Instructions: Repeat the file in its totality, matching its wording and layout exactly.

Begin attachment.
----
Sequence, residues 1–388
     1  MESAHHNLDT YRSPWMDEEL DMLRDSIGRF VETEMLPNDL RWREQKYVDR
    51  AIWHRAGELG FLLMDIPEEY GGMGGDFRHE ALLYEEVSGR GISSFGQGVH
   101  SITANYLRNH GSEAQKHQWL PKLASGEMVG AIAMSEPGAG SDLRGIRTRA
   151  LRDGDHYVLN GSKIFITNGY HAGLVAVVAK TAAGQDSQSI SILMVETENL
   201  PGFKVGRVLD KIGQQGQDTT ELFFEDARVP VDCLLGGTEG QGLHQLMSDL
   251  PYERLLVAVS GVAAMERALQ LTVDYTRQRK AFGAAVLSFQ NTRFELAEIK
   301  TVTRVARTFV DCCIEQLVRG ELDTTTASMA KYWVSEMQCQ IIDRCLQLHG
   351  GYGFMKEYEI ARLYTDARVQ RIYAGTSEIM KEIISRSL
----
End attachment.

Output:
Sequence, residues 1–388
     1  MESAHHNLDT YRSPWMDEEL DMLRDSIGRF VETEMLPNDL RWREQKYVDR
    51  AIWHRAGELG FLLMDIPEEY GGMGGDFRHE ALLYEEVSGR GISSFGQGVH
   101  SITANYLRNH GSEAQKHQWL PKLASGEMVG AIAMSEPGAG SDLRGIRTRA
   151  LRDGDHYVLN GSKIFITNGY HAGLVAVVAK TAAGQDSQSI SILMVETENL
   201  PGFKVGRVLD KIGQQGQDTT ELFFEDARVP VDCLLGGTEG QGLHQLMSDL
   251  PYERLLVAVS GVAAMERALQ LTVDYTRQRK AFGAAVLSFQ NTRFELAEIK
   301  TVTRVARTFV DCCIEQLVRG ELDTTTASMA KYWVSEMQCQ IIDRCLQLHG
   351  GYGFMKEYEI ARLYTDARVQ RIYAGTSEIM KEIISRSL